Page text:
December 3, 2023

Investment Banking

Let Your Investment Banking Do The Walking

Job Cuts Are Coming To Wall Street

Job cuts may be spreading from the tech and crypto sectors to Wall Street. The New York Post reported that bankers, brokers and traders may need to start worrying about upcoming layoffs.

The confluence of the Federal Reserve Bank raising interest rates, runaway inflation at over 9.1% and general uncertainty over macro and geopolitical events may cause a slowdown in initial public offerings (IPOs) and other deal-making activities. According to the Post, “Layoffs will ravage the industry’s workforce by at least 10%—and that the bloodbath could be in full swing by year’s end.”

‘Limping’ Into The Summer

CNBC reported that the securities industry is “limping into the traditionally slower summer months,” as the stock market is in bear market territory, and IPOs have plummeted by more than 90% compared to last year at this time. There hasn’t been the same steady flow of mergers, acquisitions, SPACs and other deal-making that were in full force up until fairly recently.

The fate of bankers may follow the same trajectory as investment banks’ revenue, not unlike stock market charts that reflect a revision back to 2020 to 2021 levels. As hiring rapidly grew out of pent-up demand, banks may recognize that they have too many people for too few investment activities.

Fintech And Cryptos Downsized Workers

Fintechs laid off over 4,000 employees in the first half of 2022, according to an analysis made by TechCrunch of data from, a site aggregating companies that are downsizing and the people impacted. These numbers don’t include cryptocurrency platforms. Recently, Gemini and Coinbase let go of staff and enacted hiring freezes. An uncomfortable number of crypto exchanges, a digital asset-based hedge fund and other related entities either filed for bankruptcy protection or are in serious trouble.

What Led To The Need To Downsize Wall Streeters

During the pandemic, there was a dramatic uptick in day-trading activities. In an everything-goes-up environment, supported by cheap, low-interest borrowing rates, commission-free trading and unbridled euphoria, people stuck at home traded stocks and cryptocurrencies with reckless abandon. The market brutally sold off, which may result in the loss of an entire generation of investors who lost all of their gains from the last two years. They may distrust the system and choose not to return.

Tech employees were shocked when they received their pink slips. For the young cohorts, working at large marquee tech firms and startups allowed them a plush life. They were paid exceedingly well and received stock and options in their total compensation package that could make them rich.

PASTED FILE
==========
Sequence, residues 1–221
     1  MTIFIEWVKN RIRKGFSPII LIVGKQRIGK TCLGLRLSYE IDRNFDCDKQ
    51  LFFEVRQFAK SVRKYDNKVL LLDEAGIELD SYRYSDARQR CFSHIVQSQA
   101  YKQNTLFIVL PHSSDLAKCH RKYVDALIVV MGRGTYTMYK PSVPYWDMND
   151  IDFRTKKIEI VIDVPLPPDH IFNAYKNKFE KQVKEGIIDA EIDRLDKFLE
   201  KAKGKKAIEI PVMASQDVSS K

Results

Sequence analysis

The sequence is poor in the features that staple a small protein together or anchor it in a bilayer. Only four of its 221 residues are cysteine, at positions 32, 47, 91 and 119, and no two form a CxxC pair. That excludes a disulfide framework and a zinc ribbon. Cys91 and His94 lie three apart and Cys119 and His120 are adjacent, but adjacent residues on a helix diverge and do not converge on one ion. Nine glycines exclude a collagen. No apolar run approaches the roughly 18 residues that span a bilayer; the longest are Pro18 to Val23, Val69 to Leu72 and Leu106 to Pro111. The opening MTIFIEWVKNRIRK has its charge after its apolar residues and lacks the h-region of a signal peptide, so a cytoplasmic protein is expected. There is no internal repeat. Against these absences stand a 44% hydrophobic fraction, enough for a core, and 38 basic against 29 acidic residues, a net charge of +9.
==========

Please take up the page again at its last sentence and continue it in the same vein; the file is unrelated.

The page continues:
The bubble burst when the Fed and the United States government stopped quantitative easing, injecting trillions into the economy and sending stimulus checks to families. These measures kept people and businesses afloat, but also sowed the seeds for the rapid increase in inflation. As interest rates rise, venture capitalists, startups and companies can’t obtain artificially low cheap capital. The rug has been pulled out from under the sector, and tens of thousands of people were downsized.

This experience may eerily mirror what also happened in the financial industry. Wall Street boomed during the pandemic and after the economy reopened. Now, it is experiencing a slowdown. The hot real estate market has cooled off, as prospective buyers saw significantly higher mortgage and interest payments and opted out of home-buying contention. Wells Fargo and JPMorgan have both laid off staff in their mortgage units, as high-interest rates made purchasing a home more expensive and out of reach for many Americans.

There’s Hope On The Horizon

Similar to the pampering of tech personnel, Wall Street coddled its young junior bankers with more money, Peloton Bikes, tech gadgets, bonuses and other incentives.

There may be a ray of hope. There is an adage on Wall Street related to investing: “Sell in May and go away.” Summertime for Wall Street is historically slower than the rest of the year. Top executives depart Manhattan to decompress in the Hamptons. Leadership at the big banks may wait to see how things play out and reserve making cuts until September. This buys time to call Fed Reserve chair Jerome Powell’s bluff.

Powell and treasury secretary Janet Yellen poorly miscalculated the economy, stating that inflation was only “transitory.” Unfortunately, the Fed woke up too late. Rampant inflation was unleashed and has wreaked havoc.

Powell’s jawboning over continually ratcheting up interest rates may be rhetoric designed to warn Wall Street and other businesses to take action. If the economy and job market cool down, which is the goal of the Fed to beat back inflation, the interest rate increases may be lower than expected. This would greatly relieve Wall Street, the tech sector, and other businesses and investors. Moreover, it may stabilize the economy and plant seeds for future growth. In the meantime, hold onto your job and make yourself indispensable.